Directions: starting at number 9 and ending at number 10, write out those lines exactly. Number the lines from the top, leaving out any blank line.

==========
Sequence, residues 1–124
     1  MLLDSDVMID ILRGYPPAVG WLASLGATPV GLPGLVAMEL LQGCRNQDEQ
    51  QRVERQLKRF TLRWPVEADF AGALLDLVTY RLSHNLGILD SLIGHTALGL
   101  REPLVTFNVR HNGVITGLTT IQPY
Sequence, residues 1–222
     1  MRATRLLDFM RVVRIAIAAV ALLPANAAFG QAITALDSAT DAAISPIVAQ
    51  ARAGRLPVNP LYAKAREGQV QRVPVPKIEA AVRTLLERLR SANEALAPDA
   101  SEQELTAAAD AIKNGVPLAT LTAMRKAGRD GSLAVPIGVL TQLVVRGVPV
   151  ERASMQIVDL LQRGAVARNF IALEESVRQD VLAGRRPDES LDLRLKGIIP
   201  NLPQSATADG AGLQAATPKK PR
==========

   151  ERASMQIVDL LQRGAVARNF IALEESVRQD VLAGRRPDES LDLRLKGIIP
   201  NLPQSATADG AGLQAATPKK PR